Bee Protection Protocols for Oregon Vegetable and Clover Seed.

Project Overview

SW19-903
Project Type: Research and Education
Funds awarded in 2019: $349,971.00
Projected End Date: 08/31/2022
Grant Recipient: Oregon State University
Region: Western
State: Oregon
Principal Investigator:
Dr. Andony Melathopoulos
Oregon State University

Information Products

Bee Protection Protocol for Clover Seed (Decision-making Tool, Fact Sheet)

Commodities

  • Agronomic: clovers, radish (oilseed, daikon, forage)
  • Animal Products: honey

Practices

  • Crop Production: beekeeping, pollination, pollinator health
  • Education and Training: decision support system, extension, workshop
  • Pest Management: economic threshold, field monitoring/scouting, integrated pest management, soil solarization, weed ecology
  • Production Systems: dryland farming

    Proposal abstract:

    Pests and diseases of pollinator-dependent crops can lead to damage or total crop loss, particularly if left untreated at or close to bloom. But bloom is also the time that beekeepers move honey bee colonies to pollinating these crops, leading to the prospect of the colonies being exposed to pesticides. The challenge of maintaining high crop yield without impact honey bee colony health is a challenge across the US and this prompted the Environmental Protection Agency to encourage state’s to develop voluntary Managed Pollinator Protection Plans (MP3s) to better coordinate the activity of pesticide applicators and beekeepers. Although MP3s exist in most states, they can struggle to have impacts on pollinator health because they: (a) are based on best management practices (BMPs) may be too general to be meaningful to local growers and beekeepers; (b) are poorly articulated with extension activities, thereby being largely left to stakeholders to voluntarily adopt with little support; (c) lack metrics to measure progress towards reduced exposure of bees; and, (d) lack important tools that growers use to mitigate pesticide exposure around bees, particularly well-specified pesticide residual toxicity times. These shortcomings weaken the capacity of the MP3s to bring about improved bee stewardship.

    Our proposal directly addresses these challenges by developing pilot Bee Protection Protocols for two high value seed crops in Oregon. The Protocols provide crop-specific guidance on how to manage pests in ways that minimize pesticide exposure to honey bees. The Protocols will be built around new data, generated through this project, on residual toxicity of pesticides used in these crops under different environmental conditions. Moreover, the Protocols will be shored up through extensive Extension and training activities that include evaluation methods that will track knowledge and adoption of the Protocols. Finally, through surveys of commercial beekeepers in Oregon we will be able to measure the impact of the Protocols towards increasing communication with growers and crop consultants and decreasing pesticide exposure to their bees.   

    Project objectives from proposal:

    1. Residual Toxicity – Sources of Variation. We would determine the sources of variation in the current assay for residual toxicity and determine the protocol that most reflects field conditions by 2020. These results would be used by growers, crop consultants, beekeepers and regulators to identify the types of pesticides whose residual toxicity values would be vulnerable to change according to environmental conditions.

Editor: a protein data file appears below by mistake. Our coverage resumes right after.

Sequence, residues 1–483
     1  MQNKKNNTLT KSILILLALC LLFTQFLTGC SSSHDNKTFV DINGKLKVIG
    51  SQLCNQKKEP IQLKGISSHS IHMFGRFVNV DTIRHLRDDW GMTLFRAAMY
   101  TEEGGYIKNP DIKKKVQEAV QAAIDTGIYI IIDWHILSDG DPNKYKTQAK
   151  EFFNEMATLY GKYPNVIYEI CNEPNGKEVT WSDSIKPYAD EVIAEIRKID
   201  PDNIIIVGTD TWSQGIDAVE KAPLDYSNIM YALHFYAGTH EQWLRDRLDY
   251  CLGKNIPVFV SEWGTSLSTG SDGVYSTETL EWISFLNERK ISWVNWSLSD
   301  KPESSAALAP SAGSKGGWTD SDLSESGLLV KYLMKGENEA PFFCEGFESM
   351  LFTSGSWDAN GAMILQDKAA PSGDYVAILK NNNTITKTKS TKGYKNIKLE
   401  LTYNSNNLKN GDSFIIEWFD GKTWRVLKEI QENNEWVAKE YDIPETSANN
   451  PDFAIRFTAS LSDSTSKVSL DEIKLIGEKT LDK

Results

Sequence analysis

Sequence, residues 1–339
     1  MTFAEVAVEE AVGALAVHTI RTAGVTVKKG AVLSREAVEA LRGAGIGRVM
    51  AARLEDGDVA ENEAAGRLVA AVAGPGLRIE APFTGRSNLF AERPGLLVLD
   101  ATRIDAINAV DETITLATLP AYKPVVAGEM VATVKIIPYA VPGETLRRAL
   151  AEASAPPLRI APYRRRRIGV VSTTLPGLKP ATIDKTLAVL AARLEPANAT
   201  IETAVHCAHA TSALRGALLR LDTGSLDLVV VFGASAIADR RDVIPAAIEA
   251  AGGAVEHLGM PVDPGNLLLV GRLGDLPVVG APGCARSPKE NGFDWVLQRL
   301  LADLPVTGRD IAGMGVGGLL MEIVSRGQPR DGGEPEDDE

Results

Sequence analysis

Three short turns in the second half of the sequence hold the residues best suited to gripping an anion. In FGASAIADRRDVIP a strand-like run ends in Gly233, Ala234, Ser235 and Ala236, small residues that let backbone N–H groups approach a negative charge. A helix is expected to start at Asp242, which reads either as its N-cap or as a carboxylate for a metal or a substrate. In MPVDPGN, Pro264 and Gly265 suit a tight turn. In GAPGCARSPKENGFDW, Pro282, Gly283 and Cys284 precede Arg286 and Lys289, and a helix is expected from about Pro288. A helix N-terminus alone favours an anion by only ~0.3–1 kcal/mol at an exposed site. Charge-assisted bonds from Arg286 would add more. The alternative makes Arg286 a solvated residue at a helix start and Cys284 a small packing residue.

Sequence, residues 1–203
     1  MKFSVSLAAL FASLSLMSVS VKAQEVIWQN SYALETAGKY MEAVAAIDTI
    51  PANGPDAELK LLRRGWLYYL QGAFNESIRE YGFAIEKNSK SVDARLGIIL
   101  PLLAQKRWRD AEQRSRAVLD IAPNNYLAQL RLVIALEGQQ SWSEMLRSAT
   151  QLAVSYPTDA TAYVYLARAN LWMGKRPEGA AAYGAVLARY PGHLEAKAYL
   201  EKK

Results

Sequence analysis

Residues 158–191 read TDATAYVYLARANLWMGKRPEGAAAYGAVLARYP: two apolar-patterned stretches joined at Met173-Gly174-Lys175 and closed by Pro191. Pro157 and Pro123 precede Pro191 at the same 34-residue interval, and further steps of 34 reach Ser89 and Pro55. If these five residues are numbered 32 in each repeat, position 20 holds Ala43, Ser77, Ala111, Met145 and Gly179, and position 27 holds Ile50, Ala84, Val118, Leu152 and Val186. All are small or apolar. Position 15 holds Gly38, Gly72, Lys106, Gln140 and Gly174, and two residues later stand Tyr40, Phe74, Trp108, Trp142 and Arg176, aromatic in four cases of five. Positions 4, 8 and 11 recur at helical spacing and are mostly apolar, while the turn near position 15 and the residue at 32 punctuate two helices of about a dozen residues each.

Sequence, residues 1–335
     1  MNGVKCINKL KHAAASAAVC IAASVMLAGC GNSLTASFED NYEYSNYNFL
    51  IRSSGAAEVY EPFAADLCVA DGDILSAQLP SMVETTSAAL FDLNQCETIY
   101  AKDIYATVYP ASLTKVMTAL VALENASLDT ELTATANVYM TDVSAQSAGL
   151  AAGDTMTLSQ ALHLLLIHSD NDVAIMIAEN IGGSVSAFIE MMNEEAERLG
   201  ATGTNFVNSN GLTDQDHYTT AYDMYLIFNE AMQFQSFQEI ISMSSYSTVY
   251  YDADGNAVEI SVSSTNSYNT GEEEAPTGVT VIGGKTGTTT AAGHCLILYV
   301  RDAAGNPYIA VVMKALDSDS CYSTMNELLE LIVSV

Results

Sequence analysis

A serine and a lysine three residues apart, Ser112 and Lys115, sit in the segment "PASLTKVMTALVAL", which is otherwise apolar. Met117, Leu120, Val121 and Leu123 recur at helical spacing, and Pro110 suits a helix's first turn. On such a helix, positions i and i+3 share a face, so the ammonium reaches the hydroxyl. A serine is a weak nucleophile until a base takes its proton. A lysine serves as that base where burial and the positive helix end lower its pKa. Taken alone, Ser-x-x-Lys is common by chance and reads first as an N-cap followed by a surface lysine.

2. Residual Toxicity Estimates. We would establish 3h, 6h, 8h, 1d and 5d residual toxicity values for all widely used fungicide and insecticide treatments applied at bloom, as well as common tank mixes by 2021. These values would enable growers, crop consultants, beekeepers and regulators in making pesticide selections that minimize impacts to honey bees.
    3. Bee Protection Protocols. We would expand on an existing vegetable seed protocol by 2021 and create a new protocol for the Oregon clover seed industry by 2020. These Protocols would increase levels of communication among growers, crop consultants and beekeepers around pesticide use during pollination and reduce pesticide exposure of bees.  
    4. Extension and Training.  We would deliver two 60-minute face-to-face trainings on the Bee Protection Protocols to the seed growers and beekeepers, and two day-long workshops covering advanced topics in bee stewardship on farms in 2019 and 2020. We would also provide two YouTube videos and four podcasts that show case growers who have achieved excellence in stewardship by 2021. Finally, we would produce two new Extension publications, revise an existing publication and produce two infographic postcards.  This training would translate into reduced pesticide exposure of bees in vegetable and clover seed.
    5. Measuring Increased Communication and Reduced Pesticide Exposure. We would implement grower and beekeeper surveys to assess the effectiveness of the protocols to improve communication and reduce exposure.
    Any opinions, findings, conclusions, or recommendations expressed in this publication are those of the author(s) and do not necessarily reflect the view of the U.S. Department of Agriculture or SARE.